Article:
California Department of Fish and Wildlife

2005 Stock Assessment of the Gopher Rockfish (Sebastes carnatus) in California

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  • Appendix A:
    Data File for the Northern California (north of Point Conception) Gopher Rockfish Model
  • Appendix B:
    Control File for the Northern California (north of Point Conception) Gopher Rockfish Model
  • Appendix C:
    Calculation Errors
  • Appendix D:
    Forecasts and Decision Tables based on F50% and California Nearshore 60:20 Rule
  • Entire Document (513 KB)

Background Information

Gopher Rockfish

In 2005, three species1 under the Marine Life Management Act Nearshore Fishery Management Plan were assessed and accepted for management purposes in California: gopher rockfish (Sebastes carnatus), California scorpionfish (Scorpaena guttata) and cabezon (Scorpaenichthys marmoratus). This was the first assessment of the gopher rockfish stock in California waters, north of Point Conception.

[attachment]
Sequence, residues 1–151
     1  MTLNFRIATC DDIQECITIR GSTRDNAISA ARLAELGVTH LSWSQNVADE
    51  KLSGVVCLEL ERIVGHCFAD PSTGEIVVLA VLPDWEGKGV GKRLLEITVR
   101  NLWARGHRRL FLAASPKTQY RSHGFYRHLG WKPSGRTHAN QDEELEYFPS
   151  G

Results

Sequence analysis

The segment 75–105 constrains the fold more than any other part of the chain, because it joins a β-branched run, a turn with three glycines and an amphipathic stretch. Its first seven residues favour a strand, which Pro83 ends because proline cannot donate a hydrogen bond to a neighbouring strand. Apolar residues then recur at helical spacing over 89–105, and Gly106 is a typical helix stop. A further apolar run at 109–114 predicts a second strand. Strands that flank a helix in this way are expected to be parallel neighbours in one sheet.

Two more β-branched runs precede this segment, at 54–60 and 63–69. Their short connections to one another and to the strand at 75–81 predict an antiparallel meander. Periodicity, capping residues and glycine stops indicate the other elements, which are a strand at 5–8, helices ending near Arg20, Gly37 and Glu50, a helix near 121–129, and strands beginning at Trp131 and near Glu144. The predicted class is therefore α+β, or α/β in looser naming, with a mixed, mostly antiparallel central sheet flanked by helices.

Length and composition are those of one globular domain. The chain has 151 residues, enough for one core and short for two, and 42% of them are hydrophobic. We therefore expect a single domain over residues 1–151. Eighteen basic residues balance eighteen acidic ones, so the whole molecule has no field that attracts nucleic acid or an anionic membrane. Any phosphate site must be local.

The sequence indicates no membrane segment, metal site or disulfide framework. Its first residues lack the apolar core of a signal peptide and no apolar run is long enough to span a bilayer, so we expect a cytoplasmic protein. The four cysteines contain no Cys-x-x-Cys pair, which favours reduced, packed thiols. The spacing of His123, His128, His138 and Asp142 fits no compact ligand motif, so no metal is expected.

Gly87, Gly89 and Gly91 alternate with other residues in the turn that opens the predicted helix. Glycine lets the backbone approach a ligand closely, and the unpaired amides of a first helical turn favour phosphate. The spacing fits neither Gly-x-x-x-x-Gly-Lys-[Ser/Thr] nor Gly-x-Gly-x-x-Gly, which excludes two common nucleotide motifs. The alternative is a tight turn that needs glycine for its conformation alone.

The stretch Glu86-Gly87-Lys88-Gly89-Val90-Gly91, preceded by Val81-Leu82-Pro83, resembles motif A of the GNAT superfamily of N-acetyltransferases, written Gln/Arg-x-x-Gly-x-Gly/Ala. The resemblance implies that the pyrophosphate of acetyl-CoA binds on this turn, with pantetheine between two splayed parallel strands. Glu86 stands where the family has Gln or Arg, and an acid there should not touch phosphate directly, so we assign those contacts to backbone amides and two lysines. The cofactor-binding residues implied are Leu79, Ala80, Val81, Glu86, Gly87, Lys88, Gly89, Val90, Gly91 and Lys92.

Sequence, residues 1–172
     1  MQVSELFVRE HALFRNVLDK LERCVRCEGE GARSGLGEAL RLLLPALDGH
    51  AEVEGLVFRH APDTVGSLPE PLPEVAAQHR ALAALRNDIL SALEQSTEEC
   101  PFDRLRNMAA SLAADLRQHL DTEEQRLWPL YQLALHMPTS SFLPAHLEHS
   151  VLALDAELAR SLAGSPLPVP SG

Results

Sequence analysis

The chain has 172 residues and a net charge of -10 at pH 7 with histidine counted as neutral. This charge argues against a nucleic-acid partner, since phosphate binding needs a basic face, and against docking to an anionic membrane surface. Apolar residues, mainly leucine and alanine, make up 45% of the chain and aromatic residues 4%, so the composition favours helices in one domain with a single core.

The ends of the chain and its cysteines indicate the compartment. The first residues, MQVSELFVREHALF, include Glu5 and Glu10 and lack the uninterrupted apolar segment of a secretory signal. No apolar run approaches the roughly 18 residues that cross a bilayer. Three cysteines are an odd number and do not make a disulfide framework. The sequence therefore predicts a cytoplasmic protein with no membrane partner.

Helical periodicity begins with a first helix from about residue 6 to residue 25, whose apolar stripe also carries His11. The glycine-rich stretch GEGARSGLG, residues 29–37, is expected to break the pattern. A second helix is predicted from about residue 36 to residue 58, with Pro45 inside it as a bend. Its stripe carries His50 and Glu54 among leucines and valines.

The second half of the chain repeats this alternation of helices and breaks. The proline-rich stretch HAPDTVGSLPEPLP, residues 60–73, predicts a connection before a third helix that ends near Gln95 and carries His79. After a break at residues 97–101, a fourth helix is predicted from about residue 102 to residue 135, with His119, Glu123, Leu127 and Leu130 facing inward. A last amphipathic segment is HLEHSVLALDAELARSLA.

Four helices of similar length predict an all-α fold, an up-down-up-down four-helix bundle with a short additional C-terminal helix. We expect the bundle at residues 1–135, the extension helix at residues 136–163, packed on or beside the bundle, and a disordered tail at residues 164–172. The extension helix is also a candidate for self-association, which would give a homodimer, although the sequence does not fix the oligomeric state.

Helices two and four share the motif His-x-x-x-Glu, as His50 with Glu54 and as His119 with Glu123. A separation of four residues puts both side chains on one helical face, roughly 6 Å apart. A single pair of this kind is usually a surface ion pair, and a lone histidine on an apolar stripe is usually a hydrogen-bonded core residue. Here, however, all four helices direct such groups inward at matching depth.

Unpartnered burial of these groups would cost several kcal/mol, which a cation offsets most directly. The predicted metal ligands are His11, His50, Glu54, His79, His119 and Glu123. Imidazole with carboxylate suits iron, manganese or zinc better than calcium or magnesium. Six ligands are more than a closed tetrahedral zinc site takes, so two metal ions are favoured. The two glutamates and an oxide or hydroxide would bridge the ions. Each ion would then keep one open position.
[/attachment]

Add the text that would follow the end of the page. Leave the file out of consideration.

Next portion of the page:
The gopher rockfish stock assessment concluded that the population was healthy. Subsequently, nearshore regulations were somewhat relaxed due to the higher abundance of gopher rockfish. This assessment, like many nearshore stock assessments, was considered relatively data-poor, although suitable for use in managing the stock. The major uncertainty in this assessment was the use of a recreational catch-per-unit-effort (CPUE) to measure the relative abundance, given that CPUE may not be directly related to stock size. Details of the uncertainties in the assessment are outlined in the Stock Assessment Review (STAR) report.

The gopher rockfish stock assessment is available in PDF format online or a request can be made to receive a CD-ROM containing copies of (1) the stock assessment and (2) the STAR report by contacting Ms. Meisha Key at (831) 420-3973 or Should you need additional information, please contact Ms. Deb Wilson-Vandenberg, Nearshore Fishery Management Plan Implementation Coordinator, at (831) 649-2892 or

1Kelp greenling (Hexagrammos decagrammus) were also assessed in 2005, but the STAR panel concluded that the results for the California sub-stock were inadequate as the basis for management.